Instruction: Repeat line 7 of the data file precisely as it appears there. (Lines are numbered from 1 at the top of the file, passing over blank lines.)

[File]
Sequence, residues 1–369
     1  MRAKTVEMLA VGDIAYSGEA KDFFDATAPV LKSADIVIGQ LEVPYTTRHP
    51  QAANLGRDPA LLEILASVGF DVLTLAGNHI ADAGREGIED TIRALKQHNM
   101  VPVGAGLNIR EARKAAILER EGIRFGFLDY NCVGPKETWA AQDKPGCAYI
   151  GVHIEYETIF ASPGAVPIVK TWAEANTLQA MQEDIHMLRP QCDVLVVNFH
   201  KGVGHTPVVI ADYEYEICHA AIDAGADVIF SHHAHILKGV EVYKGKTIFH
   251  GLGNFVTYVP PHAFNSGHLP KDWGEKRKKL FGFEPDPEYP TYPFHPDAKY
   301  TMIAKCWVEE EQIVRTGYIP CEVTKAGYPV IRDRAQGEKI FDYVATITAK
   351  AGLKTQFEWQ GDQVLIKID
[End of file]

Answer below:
   251  GLGNFVTYVP PHAFNSGHLP KDWGEKRKKL FGFEPDPEYP TYPFHPDAKY